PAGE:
How to never use the same user login twice in a test

It is not uncommon that you might want the VUs in your load test to all behave differently, and perhaps use different usernames and passwords when logging onto your site/application. Sometimes it is also necessary to prevent a certain login (or other information) to be used more than once in the same load test. This can be slightly tricky as every VU will (normally) repeat its user scenario multiple times during a load test, but it can be done.

First of all, some background information. A VU is basically an execution thread, and it will, when it is started, immediately start running its user scenario. When the user scenario ends, the VU will execute it again, and again, and again until the VU is shut down. A VU is shut down for one of 3 reasons: the load test ends, the configuration specifies that the load level should be ramped down, or the VU encounters some runtime error when executing its user scenario code

Each VU keeps track of how many times it has executed its user scenario. We call this the "repetition count". On its first iteration, the count is 1. It is then increased upon the start of every new iteration. This counter can be read by the user scenario code by calling the function client.get_repetition()

Now, you can make a VU execute its user scenario only once, if you want, by making sure your user scenario doesn't end before the load test does. This can be done e.g. by writing it in the form of an endless loop:

-- log in the user, then enter an endless loop that loads pages on the site
do_login() 
while true
  load_something()
  load_something_more()
  client.sleep(math.random(20, 40))   -- simulate user think time
end

You could also just add a long sleep at the end of your user scenario:

client.sleep(3600)

However, this would mean you're not using all the VUs you have at your disposal throughout the test, and it would be difficult to know what load level the server is subjected to if clients just do one thing and then go to sleep (i.e. the traffic as experienced by the server might be the same at 100 concurrent clients as with 200 concurrent clients, depending on the ramp-up speed and how fast the clients complete their iterations)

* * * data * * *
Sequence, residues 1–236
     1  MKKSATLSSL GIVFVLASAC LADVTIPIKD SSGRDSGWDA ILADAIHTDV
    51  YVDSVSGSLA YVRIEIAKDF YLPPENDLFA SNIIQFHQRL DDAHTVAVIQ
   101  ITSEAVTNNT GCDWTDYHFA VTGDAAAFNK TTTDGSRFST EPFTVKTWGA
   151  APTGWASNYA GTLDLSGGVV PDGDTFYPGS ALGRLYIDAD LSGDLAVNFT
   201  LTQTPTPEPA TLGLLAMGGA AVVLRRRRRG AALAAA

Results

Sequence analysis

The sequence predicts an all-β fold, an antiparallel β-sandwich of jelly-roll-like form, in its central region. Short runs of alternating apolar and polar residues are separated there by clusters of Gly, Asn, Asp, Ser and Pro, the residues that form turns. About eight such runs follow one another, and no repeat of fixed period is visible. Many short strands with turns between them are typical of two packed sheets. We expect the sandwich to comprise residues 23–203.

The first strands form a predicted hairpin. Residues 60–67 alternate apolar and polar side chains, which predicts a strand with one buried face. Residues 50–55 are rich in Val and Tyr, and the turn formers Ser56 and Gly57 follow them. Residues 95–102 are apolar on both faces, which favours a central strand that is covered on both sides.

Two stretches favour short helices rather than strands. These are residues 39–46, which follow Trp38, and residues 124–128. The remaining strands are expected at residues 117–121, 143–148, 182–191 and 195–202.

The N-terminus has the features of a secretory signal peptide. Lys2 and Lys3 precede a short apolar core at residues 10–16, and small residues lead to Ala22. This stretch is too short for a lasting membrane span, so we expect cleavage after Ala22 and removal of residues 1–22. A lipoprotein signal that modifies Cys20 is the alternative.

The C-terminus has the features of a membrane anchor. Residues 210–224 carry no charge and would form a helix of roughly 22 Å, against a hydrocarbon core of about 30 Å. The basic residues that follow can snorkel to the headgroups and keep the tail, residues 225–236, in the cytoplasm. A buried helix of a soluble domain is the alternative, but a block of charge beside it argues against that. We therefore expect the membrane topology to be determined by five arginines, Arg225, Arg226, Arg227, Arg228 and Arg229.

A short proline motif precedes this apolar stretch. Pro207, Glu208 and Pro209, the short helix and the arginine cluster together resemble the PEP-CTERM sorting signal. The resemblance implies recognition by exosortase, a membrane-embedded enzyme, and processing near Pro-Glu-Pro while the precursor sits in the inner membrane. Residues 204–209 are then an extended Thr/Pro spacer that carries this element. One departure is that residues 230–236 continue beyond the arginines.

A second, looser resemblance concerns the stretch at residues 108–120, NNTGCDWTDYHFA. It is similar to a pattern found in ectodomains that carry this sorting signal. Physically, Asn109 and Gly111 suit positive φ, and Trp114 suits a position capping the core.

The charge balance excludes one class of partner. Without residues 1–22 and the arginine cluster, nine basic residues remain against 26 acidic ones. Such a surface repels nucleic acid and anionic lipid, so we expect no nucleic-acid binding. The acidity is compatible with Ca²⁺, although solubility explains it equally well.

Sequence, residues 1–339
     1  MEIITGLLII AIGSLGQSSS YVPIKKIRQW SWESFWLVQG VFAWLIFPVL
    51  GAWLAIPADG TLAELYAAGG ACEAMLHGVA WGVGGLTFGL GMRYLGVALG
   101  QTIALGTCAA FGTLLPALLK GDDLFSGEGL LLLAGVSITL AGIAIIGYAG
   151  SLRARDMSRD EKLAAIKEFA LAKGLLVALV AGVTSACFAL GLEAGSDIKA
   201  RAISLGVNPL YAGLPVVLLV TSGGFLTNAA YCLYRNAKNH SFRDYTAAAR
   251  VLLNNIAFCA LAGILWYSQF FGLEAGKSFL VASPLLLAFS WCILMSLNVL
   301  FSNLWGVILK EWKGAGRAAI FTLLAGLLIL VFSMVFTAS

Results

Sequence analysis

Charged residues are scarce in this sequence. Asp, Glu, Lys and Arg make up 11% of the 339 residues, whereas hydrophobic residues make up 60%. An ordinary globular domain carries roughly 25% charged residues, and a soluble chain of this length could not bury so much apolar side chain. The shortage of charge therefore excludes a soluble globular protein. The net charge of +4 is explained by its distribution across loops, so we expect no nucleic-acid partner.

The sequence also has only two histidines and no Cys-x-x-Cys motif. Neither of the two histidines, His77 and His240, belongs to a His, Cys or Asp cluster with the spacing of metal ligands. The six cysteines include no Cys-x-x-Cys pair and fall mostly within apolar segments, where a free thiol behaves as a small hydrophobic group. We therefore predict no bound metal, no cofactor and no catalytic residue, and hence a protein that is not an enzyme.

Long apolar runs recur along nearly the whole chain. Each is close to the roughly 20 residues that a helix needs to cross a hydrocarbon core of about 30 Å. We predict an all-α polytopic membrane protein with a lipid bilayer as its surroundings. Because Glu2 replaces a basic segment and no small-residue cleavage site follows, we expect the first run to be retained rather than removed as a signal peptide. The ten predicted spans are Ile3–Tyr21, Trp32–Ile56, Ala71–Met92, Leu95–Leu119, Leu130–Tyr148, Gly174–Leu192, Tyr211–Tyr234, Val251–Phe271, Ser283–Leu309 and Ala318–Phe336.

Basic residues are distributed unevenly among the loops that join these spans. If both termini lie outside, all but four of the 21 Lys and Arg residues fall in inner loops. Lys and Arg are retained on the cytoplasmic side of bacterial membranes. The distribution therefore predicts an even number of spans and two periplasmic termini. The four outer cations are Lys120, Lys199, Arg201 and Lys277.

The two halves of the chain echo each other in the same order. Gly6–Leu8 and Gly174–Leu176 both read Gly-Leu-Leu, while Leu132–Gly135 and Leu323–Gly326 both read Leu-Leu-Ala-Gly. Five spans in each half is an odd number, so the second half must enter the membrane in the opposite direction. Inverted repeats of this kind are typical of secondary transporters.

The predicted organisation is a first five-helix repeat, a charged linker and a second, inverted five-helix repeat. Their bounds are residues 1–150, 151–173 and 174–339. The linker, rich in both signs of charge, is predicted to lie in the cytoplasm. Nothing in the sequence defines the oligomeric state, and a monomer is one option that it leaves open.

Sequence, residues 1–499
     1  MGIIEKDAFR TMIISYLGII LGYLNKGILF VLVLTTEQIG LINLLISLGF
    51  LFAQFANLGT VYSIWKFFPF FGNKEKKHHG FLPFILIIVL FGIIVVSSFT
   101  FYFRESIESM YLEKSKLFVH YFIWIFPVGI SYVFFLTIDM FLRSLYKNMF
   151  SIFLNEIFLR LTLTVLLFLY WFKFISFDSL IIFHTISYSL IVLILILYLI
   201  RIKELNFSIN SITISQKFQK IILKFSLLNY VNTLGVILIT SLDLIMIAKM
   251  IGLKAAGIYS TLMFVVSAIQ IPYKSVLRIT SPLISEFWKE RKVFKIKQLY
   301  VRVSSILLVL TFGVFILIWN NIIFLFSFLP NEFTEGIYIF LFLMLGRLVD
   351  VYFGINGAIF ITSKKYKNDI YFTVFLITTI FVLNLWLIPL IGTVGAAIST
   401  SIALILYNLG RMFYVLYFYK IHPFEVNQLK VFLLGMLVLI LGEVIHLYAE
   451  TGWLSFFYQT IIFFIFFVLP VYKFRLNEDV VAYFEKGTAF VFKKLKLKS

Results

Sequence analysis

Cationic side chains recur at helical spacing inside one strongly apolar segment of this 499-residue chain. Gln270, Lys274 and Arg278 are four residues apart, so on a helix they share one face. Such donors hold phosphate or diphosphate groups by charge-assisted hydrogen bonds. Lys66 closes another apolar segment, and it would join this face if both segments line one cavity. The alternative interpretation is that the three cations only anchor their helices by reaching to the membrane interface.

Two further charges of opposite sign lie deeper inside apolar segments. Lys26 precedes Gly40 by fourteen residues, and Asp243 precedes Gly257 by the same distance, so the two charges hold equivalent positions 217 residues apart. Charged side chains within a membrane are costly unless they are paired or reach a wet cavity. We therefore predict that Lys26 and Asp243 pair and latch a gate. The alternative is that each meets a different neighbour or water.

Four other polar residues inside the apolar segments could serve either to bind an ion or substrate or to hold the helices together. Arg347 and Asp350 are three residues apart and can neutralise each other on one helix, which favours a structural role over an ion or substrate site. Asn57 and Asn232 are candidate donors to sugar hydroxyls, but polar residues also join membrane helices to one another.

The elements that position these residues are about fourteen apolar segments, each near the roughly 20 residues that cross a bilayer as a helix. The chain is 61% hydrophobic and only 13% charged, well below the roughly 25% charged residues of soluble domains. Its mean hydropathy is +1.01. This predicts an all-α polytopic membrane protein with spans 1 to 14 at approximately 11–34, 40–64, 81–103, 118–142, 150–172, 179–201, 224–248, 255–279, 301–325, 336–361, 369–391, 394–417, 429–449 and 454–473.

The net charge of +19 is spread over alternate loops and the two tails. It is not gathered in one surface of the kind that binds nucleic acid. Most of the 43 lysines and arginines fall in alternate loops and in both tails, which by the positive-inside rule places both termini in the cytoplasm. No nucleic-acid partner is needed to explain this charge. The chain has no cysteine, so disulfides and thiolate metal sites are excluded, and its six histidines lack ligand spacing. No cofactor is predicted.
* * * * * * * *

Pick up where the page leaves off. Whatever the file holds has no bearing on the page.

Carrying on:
Another option that is often the best solution to this kind of problem, is to calculate a unique number for each VU and script iteration combination, and then use that number to index a row in a data store that contains login credentials or whatever it is you just want to use once.

local unique_number = client.get_id() * 100 + client.get_repetition()

And then you use that to index your data store, e.g:

local row = ds:get(unique_number)
local username = row[1]
local password = row[2]

The above would mean you get a number that for VU #1 starts at 101 and increases with 1 for each repetition. VU #2 would get a number starting at 201 and increasing with 1 for each repetition, and so on. Each VU would be able to run up to 100 repetitions before getting into the number range of the next VU so as long as a repetition takes enough time that the earliest started VUs in the test do not manage to complete 100 of them, it will work fine. Your data store needs to have 100x as many rows as the max number of clients you will use in the test.

Simpler than using a data store is of course if you can pre-generate a large number of easily guessed usernames and passwords. Like "user1", "user2", "user3" and so on, combined with "password1", "password2", etc. Then you don't need a data store but can just let your user scenario create the correct login string and password like:

local username = 'user' .. tostring(unique_number)
local password = 'password' .. tostring(unique_number)


Note also, that this works fine for tests up to 500 VUs, but for larger tests there is a little added complexity as you will then have multiple load generators, each with its own VU count. client.get_id() might then return the same number for two different VUs in the test. In this case you have to also use client.get_load_generator_id()  when calculating your unique number.

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